Remember, backyard observatories are rarely heated or cooled. And I expect the same can be said for the major observatories too.

Chris Castillo

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Re: Scope/accessory storage guidelines
« Reply #9 on: January 10, 2018, 03:46:00 AM »
Quote
I keep 3 telescopes and all my accesories in an unheated garage. Quick and easy to deploy and alway at or near ambient temperature. Anywhere that is well protected from rain, snow dirt and dust should be fine. Typical backyard observatories are not heated or air conditioned.

Andwhat with moisture,it does not damage the telescope? I have unheated garage too, but I keep my instruments inside the house. Temperature different inside/outsidein winter-20º,in summer-0º.But we have a lot of rain by us in Netherlands.

Michael Hobbs

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Re: Scope/accessory storage guidelines
« Reply #10 on: January 10, 2018, 12:40:55 PM »
All those people who have backyard observatories seem to do pretty well. Unless you think they are all running heaters in their observatories 24 hours a day.

My garage is dry enough. If I lived in an unairconditioned house it would be not be significanlty different from keeping things in the garage. And in the winter the air is naturally dry.

I would think the optics go through a lot more thermal shock going form a 70 degree F house to a 20 degree F telescope than if they were at ambient temperature already and all the time.

Donnell Keown

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Re: Scope/accessory storage guidelines
« Reply #11 on: January 10, 2018, 02:06:04 PM »
Whatdo you think the humidity range is OKtokeep telescope stored in a garage?(Dob and MAK)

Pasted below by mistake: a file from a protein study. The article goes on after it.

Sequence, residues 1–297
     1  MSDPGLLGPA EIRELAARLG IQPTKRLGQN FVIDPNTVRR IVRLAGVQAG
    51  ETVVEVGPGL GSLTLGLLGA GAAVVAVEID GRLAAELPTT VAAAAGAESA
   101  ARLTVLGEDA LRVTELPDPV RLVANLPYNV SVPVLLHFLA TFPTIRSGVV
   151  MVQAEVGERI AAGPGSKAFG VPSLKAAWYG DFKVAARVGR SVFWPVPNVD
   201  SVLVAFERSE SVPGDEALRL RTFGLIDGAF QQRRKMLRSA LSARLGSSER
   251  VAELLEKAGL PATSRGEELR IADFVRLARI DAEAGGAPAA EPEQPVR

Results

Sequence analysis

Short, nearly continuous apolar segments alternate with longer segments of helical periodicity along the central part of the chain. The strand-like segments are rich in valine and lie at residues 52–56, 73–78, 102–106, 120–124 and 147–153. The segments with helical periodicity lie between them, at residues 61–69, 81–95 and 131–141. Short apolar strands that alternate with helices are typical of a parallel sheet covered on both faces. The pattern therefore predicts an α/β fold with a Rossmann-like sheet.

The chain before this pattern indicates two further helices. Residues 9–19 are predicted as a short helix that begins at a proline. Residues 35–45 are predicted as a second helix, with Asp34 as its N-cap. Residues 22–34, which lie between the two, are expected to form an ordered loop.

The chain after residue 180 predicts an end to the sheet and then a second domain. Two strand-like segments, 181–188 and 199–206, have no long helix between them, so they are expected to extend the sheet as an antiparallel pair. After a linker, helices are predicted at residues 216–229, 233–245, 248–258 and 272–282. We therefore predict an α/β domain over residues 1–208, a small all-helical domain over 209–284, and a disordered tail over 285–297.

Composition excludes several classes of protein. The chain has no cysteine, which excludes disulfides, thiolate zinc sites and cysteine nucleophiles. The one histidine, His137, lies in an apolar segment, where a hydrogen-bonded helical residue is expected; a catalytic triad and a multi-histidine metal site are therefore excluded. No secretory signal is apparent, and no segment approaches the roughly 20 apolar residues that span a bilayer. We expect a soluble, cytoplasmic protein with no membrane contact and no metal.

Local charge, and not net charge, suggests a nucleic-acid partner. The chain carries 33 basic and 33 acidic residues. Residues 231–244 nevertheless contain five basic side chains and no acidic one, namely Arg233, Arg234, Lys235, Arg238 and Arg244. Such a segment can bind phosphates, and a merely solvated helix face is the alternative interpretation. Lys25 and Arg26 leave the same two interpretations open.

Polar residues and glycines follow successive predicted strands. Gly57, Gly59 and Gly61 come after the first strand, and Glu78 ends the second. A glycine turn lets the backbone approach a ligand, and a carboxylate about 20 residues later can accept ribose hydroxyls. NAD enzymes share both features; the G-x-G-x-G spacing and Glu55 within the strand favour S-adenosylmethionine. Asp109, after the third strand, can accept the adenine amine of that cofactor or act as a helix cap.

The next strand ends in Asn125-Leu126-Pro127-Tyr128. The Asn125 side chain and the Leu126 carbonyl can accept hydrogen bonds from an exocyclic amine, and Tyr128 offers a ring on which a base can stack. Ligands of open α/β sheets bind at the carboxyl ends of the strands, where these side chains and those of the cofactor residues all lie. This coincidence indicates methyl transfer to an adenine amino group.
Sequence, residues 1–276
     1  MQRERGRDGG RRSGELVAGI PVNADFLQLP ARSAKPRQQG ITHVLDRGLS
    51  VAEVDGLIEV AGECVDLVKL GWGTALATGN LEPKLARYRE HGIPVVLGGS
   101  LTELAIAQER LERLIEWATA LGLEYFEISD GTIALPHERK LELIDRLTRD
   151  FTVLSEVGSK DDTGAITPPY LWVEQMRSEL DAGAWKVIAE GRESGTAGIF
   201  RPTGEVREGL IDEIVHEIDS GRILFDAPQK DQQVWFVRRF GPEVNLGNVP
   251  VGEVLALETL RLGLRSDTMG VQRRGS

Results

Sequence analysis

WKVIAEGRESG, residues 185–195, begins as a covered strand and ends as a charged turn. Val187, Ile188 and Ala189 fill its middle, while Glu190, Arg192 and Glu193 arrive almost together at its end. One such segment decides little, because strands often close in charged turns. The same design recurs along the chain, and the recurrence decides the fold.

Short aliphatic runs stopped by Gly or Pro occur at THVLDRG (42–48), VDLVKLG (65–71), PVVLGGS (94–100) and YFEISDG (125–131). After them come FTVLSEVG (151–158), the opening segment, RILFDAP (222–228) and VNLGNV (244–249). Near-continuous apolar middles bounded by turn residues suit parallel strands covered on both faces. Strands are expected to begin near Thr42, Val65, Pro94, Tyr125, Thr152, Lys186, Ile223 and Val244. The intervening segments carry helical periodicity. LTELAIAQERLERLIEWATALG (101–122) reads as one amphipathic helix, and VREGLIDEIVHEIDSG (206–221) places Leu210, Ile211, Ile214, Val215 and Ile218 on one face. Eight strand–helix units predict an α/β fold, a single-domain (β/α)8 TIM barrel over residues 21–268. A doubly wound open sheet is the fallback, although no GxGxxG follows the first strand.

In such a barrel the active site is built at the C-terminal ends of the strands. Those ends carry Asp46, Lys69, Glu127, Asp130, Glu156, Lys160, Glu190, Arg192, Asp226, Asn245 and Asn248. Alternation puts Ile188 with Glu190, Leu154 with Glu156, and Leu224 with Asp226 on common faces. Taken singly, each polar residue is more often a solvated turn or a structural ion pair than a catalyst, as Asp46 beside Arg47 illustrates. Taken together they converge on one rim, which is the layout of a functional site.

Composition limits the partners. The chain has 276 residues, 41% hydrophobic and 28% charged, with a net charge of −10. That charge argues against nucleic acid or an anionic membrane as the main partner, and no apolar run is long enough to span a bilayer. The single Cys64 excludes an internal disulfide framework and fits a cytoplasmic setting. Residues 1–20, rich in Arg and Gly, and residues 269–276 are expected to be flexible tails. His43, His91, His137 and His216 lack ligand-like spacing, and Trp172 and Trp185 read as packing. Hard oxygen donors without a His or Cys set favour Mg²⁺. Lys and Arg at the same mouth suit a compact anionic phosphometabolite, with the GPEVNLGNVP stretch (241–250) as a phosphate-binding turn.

I have to measurehumidity in my garage..

Paul Syring

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Re: Scope/accessory storage guidelines
« Reply #12 on: January 10, 2018, 06:58:09 PM »
Again I point out that if your house were not air conditioned then your house and your garage would be at similar humidity levels in the summer. The Garage is likely dryer in the winter.

If you don't have mold growing in the garage you should be fine. If you don't have rain dripping in, you should be fine.

If your garage is wet, you need to fix your garage anyway.

Jerry Gilbert

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Re: Scope/accessory storage guidelines
« Reply #13 on: January 11, 2018, 04:16:54 PM »
Quote
Again I point out that if your house were not air conditioned then your house and your garage would be at similar humidity levels in the summer. The Garage is likely dryer in the winter.

If you don't have mold growing in the garage you should be fine. If you don't have rain dripping in, you should be fine.

If your garage is wet, you need to fix your garage anyway.

No,no,no,there is no mold at all, thank you for your advise. I amjust worry, because the air outside/inside the garageis the same, and outside we (a lot of rainin Netherlands)have high humidity. Need to figure out with telescope maker I think..

Warren Tucker

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Re: Scope/accessory storage guidelines
« Reply #14 on: January 12, 2018, 11:58:19 AM »
Yes, a lot of tools, boat electric motor, no problem yet with it, probably I'm paranoid..